Ever since I started covering the Internet full-time in 1994, certain practices have just ticked me off.
No matter how much I argued against them, I was shouted down. I’m still arguing, and, apparently, I’m still getting shouted down, although I still think I’m right.
Let’s review some of those arguments:
When Interactive Age launched its online component in 1994, our art director insisted on a huge (by the standards of the time) 70-kilobyte logo on the home page and became angry when it turned out people were skipping it and bookmarking my column instead.
There’s still a lot of leeway in the art department. That must be why I keep seeing these huge, inane “splash screens” covering up home pages. If you can find the little “skip” button you can reach the real home page, but what a waste of time. Can’t you understand that the purpose of your web site is to provide service, and your commercial isn’t a service?
A decade ago, all press releases came to me with the names and phone numbers of contacts on them. Today, on the web, that’s rare. It’s getting worse. Press contacts are nowhere on a site. I can call the main number, but I don’t know whom to ask for. Then there’s the “inquiry form” that sites put down that seems designed solely to facilitate the mailing of brochures.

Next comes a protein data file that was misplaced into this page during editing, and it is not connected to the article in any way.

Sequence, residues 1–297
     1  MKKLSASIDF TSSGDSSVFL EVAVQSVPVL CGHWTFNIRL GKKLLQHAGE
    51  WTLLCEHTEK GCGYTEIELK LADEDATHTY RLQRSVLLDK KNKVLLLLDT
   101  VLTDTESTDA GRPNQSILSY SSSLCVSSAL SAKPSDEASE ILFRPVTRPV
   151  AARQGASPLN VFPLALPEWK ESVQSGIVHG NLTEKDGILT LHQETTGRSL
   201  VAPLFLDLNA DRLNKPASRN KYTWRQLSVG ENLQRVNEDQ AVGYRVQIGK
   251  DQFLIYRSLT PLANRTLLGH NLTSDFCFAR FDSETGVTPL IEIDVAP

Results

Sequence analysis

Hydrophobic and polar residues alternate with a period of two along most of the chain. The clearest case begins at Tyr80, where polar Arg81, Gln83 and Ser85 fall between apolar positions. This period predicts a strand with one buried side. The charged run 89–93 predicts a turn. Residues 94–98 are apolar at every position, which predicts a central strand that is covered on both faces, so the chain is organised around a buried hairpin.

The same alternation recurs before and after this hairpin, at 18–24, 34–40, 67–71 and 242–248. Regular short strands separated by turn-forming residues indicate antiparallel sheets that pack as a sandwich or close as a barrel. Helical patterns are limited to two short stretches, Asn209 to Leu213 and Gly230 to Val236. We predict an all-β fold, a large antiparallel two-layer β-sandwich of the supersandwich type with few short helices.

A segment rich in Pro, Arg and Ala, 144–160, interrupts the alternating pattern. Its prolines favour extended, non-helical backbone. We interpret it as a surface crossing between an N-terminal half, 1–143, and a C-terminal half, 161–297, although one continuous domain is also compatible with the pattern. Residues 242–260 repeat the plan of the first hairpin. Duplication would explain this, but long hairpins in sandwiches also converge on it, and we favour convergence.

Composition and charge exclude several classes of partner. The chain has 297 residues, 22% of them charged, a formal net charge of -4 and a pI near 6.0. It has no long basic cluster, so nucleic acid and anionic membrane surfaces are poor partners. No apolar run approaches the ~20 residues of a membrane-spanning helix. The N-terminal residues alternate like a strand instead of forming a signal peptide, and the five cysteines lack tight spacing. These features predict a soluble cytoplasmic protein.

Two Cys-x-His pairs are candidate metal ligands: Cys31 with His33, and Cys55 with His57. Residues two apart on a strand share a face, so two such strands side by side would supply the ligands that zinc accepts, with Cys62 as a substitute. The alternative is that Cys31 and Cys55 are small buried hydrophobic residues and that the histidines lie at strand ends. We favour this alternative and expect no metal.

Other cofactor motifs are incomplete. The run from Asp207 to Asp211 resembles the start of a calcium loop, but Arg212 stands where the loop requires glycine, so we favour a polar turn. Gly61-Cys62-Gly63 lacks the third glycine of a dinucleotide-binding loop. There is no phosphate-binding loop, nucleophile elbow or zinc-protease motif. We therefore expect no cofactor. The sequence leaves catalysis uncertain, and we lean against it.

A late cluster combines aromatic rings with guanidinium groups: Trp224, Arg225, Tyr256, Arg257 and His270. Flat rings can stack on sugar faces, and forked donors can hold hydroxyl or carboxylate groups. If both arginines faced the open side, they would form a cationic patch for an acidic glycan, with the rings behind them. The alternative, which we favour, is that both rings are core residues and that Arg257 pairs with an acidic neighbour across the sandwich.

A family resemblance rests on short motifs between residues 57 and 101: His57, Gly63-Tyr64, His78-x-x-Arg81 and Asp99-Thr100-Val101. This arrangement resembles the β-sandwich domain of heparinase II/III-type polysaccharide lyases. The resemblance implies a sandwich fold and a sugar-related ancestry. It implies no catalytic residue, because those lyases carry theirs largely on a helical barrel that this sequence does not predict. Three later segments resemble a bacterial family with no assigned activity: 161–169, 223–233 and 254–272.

When this practice started in 1995, the argument was made that spammers were trolling sites for this contact information and using it. Later it was alleged that customers were using the phone numbers as complaint lines. Look, if you don’t want to be reached, get out of business. If you want to be in business, give me a way to reach you. (Do the same for your customers while you’re at it.)
I’m glad to see that ClickZ has launched a column on links. Attitudes toward them have been schizophrenic ever since the mid-1990s. Links make the web the web. Without them you might as well be killing trees.
Yet I keep hearing this guff from site managers that links risk “losing control” of users, as though they owned me because I was on their pages. If links are offered in news stories, they’re usually offered just to home pages, which is like being dropped by the side of a freeway as in the movie “Being John Malkovich.” Or links open in a new browser window (as though people didn’t have “back” buttons).
There’s no limit to the “size” of a web page. You can scroll down forever. And every page with text requires scrolling. Why then do we put stories on multiple pages?
The only argument I can understand is greed. We want to load a few more sets of ads. But if I’m deep into a story I’m very unlikely to be looking at ads, just as I keep my eye on the copy when I go to a “jump page” in a magazine. Some people have tried to argue that this is a design feature. I don’t buy it.
I don’t know if this column has been worthwhile for you, but I know I feel better.